Anime’s slave labor problem
Anime is almost entirely drawn by hand. It takes skill to create hand-drawn animation and experience to do it quickly.
Shingo Adachi, an animator and character designer for Sword Art Online, a popular anime TV series, said the talent shortage is a serious ongoing problem — with nearly 200 animated TV series alone made in Japan each year, there aren’t enough skilled animators to go around. Instead, studios rely on a large pool of essentially unpaid freelancers who are passionate about anime.
At the entry level are “in-between animators,” who are usually freelancers. They’re the ones who make all the individual drawings after the top-level directors come up with the storyboards and the middle-tier “key animators” draw the important frames in each scene.
In-between animators earn around 200 yen per drawing — less than $2. That wouldn’t be so bad if each artist could crank out 200 drawings a day, but a single drawing can take more than an hour. That’s not to mention anime’s meticulous attention to details that are by and large ignored by animation in the West, like food, architecture, and landscape, which can take four or five times longer than average to draw.
“Even if you move up the ladder and become a key-frame animator, you won’t earn much,” Adachi said. “And even if your title is a huge hit, like Attack on Titan, you won’t make any of it. … It’s a structural problem in the anime industry. There’s no dream [job as an animator].”
Japan is a conservative country. That’s one thing.
Their work culture is another thing. It’s conventional to overwork, even if what you do is underpaid. Company loyalty plays a big role to the point of insanity.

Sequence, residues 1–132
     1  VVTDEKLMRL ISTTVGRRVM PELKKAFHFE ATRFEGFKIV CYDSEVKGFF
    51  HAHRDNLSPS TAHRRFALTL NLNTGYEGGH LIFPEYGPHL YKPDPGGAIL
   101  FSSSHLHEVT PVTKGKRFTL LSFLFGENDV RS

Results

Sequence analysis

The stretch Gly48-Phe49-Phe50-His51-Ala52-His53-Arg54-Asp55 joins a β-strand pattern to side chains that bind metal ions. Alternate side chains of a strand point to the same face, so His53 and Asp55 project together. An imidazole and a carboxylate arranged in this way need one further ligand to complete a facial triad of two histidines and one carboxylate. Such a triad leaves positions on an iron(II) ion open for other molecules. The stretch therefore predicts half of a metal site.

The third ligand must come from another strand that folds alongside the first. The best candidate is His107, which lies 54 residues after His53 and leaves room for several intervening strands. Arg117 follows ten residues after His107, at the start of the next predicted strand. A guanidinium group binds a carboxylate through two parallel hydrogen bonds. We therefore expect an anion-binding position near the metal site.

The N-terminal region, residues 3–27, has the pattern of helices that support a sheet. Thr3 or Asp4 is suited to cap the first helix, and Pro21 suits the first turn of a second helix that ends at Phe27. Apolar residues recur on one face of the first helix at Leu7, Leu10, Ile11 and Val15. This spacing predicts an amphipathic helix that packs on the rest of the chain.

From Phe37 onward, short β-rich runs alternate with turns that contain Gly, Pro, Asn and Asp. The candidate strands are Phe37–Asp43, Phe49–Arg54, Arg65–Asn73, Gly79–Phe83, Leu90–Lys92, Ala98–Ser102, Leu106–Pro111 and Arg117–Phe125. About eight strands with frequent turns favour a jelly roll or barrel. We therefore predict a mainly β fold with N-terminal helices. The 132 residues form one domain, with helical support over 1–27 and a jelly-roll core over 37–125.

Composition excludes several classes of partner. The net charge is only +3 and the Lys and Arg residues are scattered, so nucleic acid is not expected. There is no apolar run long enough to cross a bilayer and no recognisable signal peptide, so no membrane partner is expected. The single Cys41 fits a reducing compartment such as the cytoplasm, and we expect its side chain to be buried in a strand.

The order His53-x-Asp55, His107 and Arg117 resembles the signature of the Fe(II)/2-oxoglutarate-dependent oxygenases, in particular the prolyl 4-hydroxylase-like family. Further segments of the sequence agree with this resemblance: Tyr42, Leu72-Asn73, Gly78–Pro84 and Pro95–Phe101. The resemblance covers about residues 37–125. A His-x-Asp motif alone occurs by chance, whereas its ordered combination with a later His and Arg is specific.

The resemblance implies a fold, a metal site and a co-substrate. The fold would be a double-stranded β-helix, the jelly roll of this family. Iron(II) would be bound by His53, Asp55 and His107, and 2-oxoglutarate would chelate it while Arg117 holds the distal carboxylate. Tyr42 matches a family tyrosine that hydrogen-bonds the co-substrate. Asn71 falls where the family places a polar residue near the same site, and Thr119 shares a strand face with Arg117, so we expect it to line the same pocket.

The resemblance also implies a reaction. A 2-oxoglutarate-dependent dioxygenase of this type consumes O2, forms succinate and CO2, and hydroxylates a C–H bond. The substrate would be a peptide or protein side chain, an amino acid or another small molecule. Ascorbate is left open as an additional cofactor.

And unlike other countries outside of Japan, the Japanese are reserved people in general.
What do I mean by this?
They won’t outwardly speak about it or rebel.
They won’t even complain, protest or take a stand. They’ll just “keep it moving” and sweep it under the rug.
Even people outside Japan do this because it’s easy to settle. But Japan is a lot more extreme.
If a company can get away with it they WILL. And the anime industry is a brutal reminder of this in action.
Not all companies are created equal.
Kyoto Animation is an anime studio that pays on a salary. And compared to other studios – Kyoani is basically paradise (I’m probably exaggerating).
I just think the average Japanese isn’t willing to take a stand for what’s not right, and so they let it slide and because so many people do that, it becomes normal.
And then there’s investors.
I don’t see many investors when it comes to anime studios and animators. A lot of these studios are independent and there’s not a lot of “backing”. Not to say this is a necessity, but the point here is money.
Japan’s system and the value of money there is different, so you can’t look at it with the same lens as let’s say, the UK or the US. There’s too much context.